The recovery time will be determined following the procedure, which is to be performed in New York by Mets medical director David Altchek, but the A's realize Braden's season is now in jeopardy.
"We're aware that it's a possibility he could be out for an extended period of time," said assistant general manager David Forst. "At the same time, it doesn't do anyone any good to say anything until we know for sure. Plenty of times, you get in there and it's not as bad as the MRI may have showed."
As a frame of reference, Altchek performed the same shoulder surgery on Mets lefty Johan Santana in September, and he has yet to return to action. Every case is different, though, so the A's are hoping their hurler faces a shorter rehab process.
Braden met with Altchek on Tuesday, marking his fourth doctor's appointment and third professional opinion since landing on the 15-day disabled list on April 18 with a stiff shoulder.
The A's southpaw had pitched two days prior, when he exited his third start of the season after five frames because of the discomfort. In those starts, he posted a 1-1 record and a 3.00 ERA, yielding 18 hits with 15 strikeouts and five walks in 18 innings of work.
Braden first met with Dr. Lewis Yocum on April 20, when he was told to simply rest and rehab to calm inflammation in his shoulder. But when the left-hander took to the field last week to play catch for the first time, he experienced discomfort again, leading to another visit with Yocum and a new MRI that revealed the damage.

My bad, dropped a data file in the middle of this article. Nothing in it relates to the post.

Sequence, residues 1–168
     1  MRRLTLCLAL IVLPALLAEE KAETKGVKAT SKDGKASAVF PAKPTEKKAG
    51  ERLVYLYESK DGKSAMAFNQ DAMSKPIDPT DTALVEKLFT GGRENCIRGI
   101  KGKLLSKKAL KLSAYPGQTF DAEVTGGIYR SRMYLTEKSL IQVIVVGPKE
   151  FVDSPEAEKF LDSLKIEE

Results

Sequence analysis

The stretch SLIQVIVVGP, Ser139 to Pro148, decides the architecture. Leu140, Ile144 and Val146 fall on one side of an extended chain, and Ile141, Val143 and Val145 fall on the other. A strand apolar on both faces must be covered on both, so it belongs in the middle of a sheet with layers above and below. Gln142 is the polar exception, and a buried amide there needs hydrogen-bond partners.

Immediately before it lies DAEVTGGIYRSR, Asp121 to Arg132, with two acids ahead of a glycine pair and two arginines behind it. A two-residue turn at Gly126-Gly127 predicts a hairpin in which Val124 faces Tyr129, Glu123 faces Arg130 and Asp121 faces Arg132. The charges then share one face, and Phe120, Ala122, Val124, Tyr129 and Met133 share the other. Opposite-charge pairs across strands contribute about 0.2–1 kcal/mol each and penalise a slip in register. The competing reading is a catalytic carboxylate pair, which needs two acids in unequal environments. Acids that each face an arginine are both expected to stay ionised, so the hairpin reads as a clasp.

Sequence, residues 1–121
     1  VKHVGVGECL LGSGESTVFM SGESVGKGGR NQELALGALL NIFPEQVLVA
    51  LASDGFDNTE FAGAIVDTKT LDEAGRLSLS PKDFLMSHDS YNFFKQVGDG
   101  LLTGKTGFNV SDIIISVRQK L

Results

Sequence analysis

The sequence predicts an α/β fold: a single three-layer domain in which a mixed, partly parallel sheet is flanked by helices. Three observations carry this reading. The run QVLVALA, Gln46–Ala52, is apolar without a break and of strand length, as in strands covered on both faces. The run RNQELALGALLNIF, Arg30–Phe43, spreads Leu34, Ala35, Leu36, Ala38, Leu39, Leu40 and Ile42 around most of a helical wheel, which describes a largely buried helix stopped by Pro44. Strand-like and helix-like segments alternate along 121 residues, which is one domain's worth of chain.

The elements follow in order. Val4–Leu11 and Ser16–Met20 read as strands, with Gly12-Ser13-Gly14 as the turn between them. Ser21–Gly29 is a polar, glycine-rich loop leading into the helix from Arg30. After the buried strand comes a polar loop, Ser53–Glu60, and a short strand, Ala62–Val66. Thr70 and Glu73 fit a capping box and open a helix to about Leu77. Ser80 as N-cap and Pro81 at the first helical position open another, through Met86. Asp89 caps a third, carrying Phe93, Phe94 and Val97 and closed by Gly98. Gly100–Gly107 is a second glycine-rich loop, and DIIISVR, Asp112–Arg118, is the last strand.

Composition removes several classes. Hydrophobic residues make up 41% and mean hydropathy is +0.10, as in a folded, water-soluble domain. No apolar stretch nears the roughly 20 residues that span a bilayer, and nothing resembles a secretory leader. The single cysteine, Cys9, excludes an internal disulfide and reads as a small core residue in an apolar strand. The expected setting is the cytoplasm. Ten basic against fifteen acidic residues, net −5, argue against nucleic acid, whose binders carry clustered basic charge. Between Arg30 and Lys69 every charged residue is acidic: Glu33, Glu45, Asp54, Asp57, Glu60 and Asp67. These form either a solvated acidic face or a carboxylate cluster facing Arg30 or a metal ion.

Seeking another opinion based on the results, Braden flew to Florida on Monday to meet with renowned surgeon James Andrews before heading north for his appointment with Altchek, who was the only doctor out of the three who recommended surgery.
In Braden's stead, right-hander Tyson Ross is expected to continue filling the fifth spot in Oakland's rotation, where he's quietly posted a 2.51 ERA on the season while allowing just three earned runs in his past three starts combined. Those efforts have helped the A's starting staff to a Major League-leading 2.69 ERA through its first 37 games.
"This is disappointing for Dallas because we know he was hoping to avoid surgery," Forst said, "but from our standpoint, we have Tyson and we're very happy with the way he's performed. It cuts into our depth a little bit, but at this point, we're comfortable with the starters we have."
Braden, 27, has been the victim of numerous injuries throughout his eight-year professional career. This marks the third straight year during which he's spent time on the disabled list. He's also no stranger to shoulder surgery, having missed much of the 2006 campaign following a procedure to repair a humoral defect.
The news came just two days following the anniversary of Braden's perfect game against the Rays on Mother's Day.
"It's a tough day because he's such a competitor," said manager Bob Geren. "He's a good kid, and I hope the best for him, because he means a lot to the team and we'll miss him."